With this S/S 12 collection, Fax explored the demented hierarchy within a girl's school to arresting effect and specifically she fused American high school culture with the cliched aesthetics of Japanese school girls to come up with something that isn't just a straightforward pastiche of all things kawaii.

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(Worn with Tao by Comme des Garcons shirt, Nike trainers.  Note: All aforementioned Comme pieces were all bought in the ever-awesome Rag Tag stores dotted all over Tokyo.  Designer consignment shopping for Comme plays a huge part in our trips to Tokyo)

Her latest A/W 12-3 collection is a continuation of her previous one, influenced once again by Jenny's upbringing, a combination of being Taiwanese born, American high-school-educated and currently Japanese-based.  She looks to 90s girlhood imagery – Shampoo, Spice Girls, Laura Palmer, Clueless and Drew Barrymore and her daisy days – and combines it all with high school clicques.  She put on not one but two presentation, one that was Japanese otaku and car-wash themed, with school girls in all shapes and sizes running all over the place and her other main presentation where the real clothing action took place, with disctinctly darker vibes.  Four girls were arranged into Heathers/The Craft type formation with retro screens flashing with Jenny's inspiration imagery.  The collection itself features more of those uniform-inspired garments mixed with a kinky edge – the satin is somehow too shiny, the plastic too plasticky and the pastels too candy like -  the sad expressions on the girl's faces tell another tale behind all that prettiness.  The vintage wedding photo printed on a sweatshirt is particularly eerie.  It makes you want to stare but then look away in a flash.  Fortunately for Jenny, once the clothes are out of her own designated context, they gain another life on their own, precisely why I'll be back to Tokyo to stalk these pieces when they're merely on hangers on a rail. 

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Comments (27)

  1. Serdane says:

    Oh God ! How stylish you can be sometimes !
    http://www.younglington.wordpress.com

  2. Miss Coco says:

    Woau!! Your pictures are amazing!!
    Miss Coco
    http://WWW.JUST-COCO.COM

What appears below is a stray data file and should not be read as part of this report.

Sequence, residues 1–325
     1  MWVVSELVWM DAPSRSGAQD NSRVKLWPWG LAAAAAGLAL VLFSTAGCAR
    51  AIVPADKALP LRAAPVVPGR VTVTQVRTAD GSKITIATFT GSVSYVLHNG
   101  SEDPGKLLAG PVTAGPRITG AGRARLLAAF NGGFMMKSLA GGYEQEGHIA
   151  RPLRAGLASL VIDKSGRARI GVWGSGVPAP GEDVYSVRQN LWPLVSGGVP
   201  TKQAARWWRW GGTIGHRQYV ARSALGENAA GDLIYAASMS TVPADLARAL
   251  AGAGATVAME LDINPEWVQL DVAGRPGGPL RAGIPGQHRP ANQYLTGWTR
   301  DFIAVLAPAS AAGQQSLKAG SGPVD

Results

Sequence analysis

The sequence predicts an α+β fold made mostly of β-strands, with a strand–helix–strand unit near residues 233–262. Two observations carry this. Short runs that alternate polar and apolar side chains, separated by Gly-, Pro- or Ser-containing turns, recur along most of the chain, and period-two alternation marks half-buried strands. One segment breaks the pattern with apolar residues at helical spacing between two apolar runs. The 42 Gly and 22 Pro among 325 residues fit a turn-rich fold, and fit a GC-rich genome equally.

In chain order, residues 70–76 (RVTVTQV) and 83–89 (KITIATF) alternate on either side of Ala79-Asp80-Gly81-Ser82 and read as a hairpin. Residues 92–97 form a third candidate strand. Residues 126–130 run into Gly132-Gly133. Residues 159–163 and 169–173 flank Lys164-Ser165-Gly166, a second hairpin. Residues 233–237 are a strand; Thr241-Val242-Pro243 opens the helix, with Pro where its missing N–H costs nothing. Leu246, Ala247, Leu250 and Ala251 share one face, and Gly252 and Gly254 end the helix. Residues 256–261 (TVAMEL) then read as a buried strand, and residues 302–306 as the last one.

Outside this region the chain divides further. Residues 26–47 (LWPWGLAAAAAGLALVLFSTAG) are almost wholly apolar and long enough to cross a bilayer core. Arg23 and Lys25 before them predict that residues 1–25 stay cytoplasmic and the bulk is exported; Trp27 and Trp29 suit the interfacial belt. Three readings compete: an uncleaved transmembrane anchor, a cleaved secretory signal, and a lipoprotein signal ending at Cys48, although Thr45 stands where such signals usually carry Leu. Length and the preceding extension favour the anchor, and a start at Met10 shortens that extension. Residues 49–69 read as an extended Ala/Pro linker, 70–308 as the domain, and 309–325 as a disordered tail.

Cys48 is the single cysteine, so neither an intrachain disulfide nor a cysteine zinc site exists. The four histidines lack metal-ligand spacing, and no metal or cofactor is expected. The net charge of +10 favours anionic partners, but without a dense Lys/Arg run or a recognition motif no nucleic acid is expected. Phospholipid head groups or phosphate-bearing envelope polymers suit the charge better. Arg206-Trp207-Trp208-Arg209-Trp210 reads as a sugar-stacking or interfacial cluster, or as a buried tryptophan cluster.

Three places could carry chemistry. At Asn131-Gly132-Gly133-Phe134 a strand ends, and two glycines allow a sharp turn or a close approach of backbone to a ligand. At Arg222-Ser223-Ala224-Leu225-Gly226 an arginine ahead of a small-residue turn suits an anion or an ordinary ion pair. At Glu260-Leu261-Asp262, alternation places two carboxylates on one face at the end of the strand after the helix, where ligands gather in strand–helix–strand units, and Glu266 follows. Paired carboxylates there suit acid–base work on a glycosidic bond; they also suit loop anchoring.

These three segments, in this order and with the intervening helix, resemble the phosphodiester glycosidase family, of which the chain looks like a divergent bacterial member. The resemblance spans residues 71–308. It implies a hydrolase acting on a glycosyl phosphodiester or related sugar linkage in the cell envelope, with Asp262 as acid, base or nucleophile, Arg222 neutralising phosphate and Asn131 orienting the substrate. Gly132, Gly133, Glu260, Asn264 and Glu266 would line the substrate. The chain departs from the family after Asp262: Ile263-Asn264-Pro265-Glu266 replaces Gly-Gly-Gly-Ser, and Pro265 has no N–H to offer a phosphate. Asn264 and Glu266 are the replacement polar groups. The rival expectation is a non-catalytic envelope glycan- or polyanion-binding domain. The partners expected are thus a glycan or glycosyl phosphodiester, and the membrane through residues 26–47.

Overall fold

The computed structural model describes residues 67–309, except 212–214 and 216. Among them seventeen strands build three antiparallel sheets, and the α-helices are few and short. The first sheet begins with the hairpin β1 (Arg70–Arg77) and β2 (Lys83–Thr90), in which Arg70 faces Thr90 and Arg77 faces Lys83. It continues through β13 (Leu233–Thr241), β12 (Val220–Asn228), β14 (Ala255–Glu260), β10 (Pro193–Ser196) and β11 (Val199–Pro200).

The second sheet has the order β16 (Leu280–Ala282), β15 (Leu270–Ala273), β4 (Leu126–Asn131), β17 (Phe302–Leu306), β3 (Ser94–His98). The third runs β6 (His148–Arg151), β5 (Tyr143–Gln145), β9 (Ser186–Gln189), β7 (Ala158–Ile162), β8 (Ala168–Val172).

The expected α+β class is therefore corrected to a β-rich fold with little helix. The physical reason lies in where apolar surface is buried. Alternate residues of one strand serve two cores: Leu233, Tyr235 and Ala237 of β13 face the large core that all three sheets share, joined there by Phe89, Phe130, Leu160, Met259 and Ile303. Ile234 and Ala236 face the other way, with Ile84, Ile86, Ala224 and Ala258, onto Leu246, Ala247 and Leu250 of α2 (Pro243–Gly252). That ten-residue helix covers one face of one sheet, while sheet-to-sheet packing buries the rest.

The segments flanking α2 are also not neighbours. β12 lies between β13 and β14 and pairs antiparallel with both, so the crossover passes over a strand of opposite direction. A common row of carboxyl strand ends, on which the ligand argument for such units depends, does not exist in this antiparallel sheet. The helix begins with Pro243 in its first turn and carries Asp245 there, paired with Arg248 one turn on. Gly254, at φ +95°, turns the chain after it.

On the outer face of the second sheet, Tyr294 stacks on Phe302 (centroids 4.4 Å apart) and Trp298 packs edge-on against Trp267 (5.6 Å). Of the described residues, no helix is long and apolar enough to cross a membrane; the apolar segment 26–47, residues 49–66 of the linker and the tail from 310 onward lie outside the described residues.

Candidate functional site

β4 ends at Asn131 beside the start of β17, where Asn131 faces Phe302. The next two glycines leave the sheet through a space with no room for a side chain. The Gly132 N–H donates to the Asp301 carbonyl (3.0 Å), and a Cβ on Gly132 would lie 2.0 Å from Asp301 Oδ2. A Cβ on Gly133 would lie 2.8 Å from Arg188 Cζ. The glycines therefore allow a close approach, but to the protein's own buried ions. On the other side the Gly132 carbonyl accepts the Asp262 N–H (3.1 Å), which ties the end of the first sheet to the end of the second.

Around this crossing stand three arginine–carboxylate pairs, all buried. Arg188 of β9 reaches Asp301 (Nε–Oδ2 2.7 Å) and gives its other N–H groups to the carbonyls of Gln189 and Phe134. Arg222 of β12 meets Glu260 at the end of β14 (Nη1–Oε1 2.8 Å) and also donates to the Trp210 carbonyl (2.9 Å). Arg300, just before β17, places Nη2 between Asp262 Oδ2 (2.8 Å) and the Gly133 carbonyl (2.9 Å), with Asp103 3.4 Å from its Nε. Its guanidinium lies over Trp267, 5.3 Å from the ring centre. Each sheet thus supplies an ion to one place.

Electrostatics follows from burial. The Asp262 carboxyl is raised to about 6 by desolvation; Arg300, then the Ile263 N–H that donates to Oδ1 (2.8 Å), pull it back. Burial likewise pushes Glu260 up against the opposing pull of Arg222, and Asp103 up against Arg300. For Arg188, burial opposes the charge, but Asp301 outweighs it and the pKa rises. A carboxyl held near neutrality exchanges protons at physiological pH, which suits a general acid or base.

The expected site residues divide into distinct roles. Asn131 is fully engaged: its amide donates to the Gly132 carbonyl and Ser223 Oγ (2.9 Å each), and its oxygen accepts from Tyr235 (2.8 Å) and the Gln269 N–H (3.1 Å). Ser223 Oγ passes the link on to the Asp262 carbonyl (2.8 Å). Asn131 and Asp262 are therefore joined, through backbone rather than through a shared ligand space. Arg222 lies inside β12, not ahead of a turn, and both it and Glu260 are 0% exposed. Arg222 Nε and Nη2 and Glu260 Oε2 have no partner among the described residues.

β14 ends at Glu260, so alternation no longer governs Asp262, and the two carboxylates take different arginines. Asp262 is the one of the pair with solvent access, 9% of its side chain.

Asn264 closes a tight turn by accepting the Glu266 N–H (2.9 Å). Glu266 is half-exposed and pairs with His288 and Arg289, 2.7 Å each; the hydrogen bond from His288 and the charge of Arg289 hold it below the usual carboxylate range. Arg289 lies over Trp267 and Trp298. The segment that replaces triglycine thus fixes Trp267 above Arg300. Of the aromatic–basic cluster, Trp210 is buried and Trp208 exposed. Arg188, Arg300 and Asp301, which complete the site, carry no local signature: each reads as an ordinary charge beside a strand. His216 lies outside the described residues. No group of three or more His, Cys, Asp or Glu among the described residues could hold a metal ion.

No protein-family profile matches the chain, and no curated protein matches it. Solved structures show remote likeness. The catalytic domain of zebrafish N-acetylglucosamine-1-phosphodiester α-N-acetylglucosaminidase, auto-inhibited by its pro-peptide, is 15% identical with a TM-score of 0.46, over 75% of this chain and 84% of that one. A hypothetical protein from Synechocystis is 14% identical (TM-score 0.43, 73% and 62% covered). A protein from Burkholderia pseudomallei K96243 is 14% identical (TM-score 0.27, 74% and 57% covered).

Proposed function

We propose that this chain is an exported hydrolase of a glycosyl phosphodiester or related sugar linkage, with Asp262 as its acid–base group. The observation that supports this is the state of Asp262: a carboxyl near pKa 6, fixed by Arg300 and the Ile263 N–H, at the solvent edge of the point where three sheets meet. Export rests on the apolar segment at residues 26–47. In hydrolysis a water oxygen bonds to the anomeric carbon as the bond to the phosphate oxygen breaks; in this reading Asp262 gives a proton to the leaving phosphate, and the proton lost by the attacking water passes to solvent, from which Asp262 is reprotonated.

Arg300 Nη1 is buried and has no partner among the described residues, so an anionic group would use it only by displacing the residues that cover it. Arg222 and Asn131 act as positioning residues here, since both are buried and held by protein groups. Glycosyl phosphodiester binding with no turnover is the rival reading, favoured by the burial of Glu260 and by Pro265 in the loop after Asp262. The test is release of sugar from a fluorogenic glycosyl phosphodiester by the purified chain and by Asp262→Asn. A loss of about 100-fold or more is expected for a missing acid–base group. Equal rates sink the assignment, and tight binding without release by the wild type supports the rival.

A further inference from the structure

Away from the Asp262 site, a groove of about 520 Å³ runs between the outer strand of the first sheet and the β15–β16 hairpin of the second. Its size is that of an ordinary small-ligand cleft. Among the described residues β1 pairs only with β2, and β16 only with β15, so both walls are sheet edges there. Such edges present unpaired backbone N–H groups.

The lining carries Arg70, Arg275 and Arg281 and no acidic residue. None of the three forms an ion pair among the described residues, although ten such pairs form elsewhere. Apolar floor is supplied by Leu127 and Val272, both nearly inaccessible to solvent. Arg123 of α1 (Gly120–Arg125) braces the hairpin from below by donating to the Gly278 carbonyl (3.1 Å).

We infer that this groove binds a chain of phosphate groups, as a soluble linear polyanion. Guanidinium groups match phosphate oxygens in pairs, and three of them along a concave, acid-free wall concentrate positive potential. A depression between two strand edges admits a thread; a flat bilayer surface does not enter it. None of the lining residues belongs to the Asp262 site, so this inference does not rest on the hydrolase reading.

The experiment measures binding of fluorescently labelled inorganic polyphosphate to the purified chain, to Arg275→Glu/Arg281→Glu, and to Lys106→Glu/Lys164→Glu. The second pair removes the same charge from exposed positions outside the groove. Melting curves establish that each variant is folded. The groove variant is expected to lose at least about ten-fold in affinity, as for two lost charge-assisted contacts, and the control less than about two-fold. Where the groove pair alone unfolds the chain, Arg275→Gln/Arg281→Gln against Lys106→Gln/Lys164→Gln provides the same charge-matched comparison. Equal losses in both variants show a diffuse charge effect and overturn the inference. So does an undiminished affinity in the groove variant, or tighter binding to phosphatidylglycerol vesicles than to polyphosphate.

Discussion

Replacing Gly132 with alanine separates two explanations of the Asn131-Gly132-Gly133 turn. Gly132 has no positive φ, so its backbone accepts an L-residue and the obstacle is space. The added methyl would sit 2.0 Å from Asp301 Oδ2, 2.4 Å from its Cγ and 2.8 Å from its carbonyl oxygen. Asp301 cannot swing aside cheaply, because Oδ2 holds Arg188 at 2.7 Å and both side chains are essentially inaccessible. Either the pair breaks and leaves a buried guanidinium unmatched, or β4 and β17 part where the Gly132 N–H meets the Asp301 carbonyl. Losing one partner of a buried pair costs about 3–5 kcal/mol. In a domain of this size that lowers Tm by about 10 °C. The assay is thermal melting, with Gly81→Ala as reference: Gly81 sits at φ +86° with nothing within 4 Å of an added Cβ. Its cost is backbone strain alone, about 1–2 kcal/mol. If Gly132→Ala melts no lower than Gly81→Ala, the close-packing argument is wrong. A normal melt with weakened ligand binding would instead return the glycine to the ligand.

3. betty says:

    i wont say this is style or fashion but more of an art !! ur an artist and u have such an amazing attention to details prints etc!! thats what differs u from the rest !!! hmmm i cant even explain ! but one word .. LOVE IT

  4. Kazuko says:

    oh that CDG men’s kilt… love!

  5. Horst says:

    what about the latest Dries collection then? Asian scarf prints…

  6. Clare says:

    I love Tokyo fashion!
    Can you recommend good online fixes?
    xx
    http://herbsandheart.blogspot.co.uk/

  7. Alex says:

    Wow, I absolutely love that skirt with the knitted top bit. I wasn’t quite sure wether the knitted piece was a separate piece or part of a skirt?
    http://www.yourcoffeebreak.co.uk

  8. Duck says:

    “Oh, and I can just reassure myself with the old chestnut about physically supporting the things that I write about.”
    THIS
    This is something I think about a lot. I know so many people who write about and promote fashion and designers, particularly young designers, but would never contemplate paying for the goods themselves. Even worse, they judge the people who *do* buy them. Obviously I can’t afford to pay full price for something all the time but sometimes you just cave…or are convinced it is such a ‘must have’ type piece that it will never make it into the sales. I realise most people don’t have the luxury of *ever* buying RTW at full-price (and I only can once or twice a year) but the number of people I’ve met who judge you for doing is becoming ridiculous and smacks of hypocrisy. You love the fashion industry but don’t actually want people to support the designers financially? Right…
    Looking good as ever!

  9. Suzi says: